When the meetings were called, all the labor organizations in Dresden, including the book printers’ helpers, participated in them. They acted as tho no Saxon law on association existed any longer which forbade the co-operation of clubs for political purposes. On all sides, a permanent co-operation of labor organizations was being demanded. The parliamentarian question became, from now on, the object of vigorous agitation in labor circles. We demanded a constitutional parliament for all of Germany, and the introduction of universal popular armament for the protection of this parliament. This last demand was considered a matter of course in the democratic circles of that day, because without such a protection, the parliament might become the victim of a diplomatic surprise.

On the other hand, a meeting, held in Dresden, on May 7th, and attended by 2000 people, adopted resolutions that were in part rather strange. Among them was the following:

“(1) We condemn every policy that paralyzes the strength of the people, and does not guarantee their liberty and welfare. (2) We declare the cession of even one foot of German country to be high treason to the fatherland. (3) We demand that His Majesty, the King, and the government, fulfill their duties to the fatherland and the people, and that, therefore, those men, who, contrary to these duties, paralyze the energy of the country’s resistance, be replaced by others who will act energetically and in keeping with the people’s will. (4) We demand that the rule of interests, whose injurious results to the country are now becoming apparent, be replaced by the restitution of universal, equal and direct suffrage, with secret ballots and unrestricted eligibility. (5) We demand that the government of His Majesty proclaim its intention of calling parliament, in conformity with the federal decisions of March 30th and April 9, 1848, and begin the solution of the German constitutional question in pursuance of its willingness expressed to the German national assembly in February, 1849. (6) We demand the immediate restitution of the fundamental German rights and a universal armament of the people.”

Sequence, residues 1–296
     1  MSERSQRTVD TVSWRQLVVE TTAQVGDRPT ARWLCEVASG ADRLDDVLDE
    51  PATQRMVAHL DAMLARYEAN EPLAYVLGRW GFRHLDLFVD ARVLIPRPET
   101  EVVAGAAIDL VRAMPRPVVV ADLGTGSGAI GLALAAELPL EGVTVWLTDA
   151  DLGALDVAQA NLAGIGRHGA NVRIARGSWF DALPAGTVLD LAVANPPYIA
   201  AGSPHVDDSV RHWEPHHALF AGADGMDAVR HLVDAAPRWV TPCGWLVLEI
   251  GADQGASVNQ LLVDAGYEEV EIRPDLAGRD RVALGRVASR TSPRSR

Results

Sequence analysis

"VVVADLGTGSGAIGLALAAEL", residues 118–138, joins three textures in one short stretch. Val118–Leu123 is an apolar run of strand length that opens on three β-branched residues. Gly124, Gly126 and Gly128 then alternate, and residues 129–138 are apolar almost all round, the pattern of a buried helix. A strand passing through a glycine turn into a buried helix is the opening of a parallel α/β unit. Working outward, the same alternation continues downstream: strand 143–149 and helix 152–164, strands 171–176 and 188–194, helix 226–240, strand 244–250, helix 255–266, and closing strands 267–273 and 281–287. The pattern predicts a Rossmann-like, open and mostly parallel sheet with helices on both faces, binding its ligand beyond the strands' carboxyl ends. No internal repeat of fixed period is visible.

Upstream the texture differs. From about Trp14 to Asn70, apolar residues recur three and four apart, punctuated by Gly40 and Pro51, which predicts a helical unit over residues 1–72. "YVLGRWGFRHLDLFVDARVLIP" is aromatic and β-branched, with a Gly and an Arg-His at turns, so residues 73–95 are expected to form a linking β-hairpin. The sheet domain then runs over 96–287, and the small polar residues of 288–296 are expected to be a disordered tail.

A delegation was then elected, to which belonged Foersterling, Knoefel and Lawyer Schraps, who were instructed to lay the wishes of the meeting before the king. As a matter of course, this delegation was not received.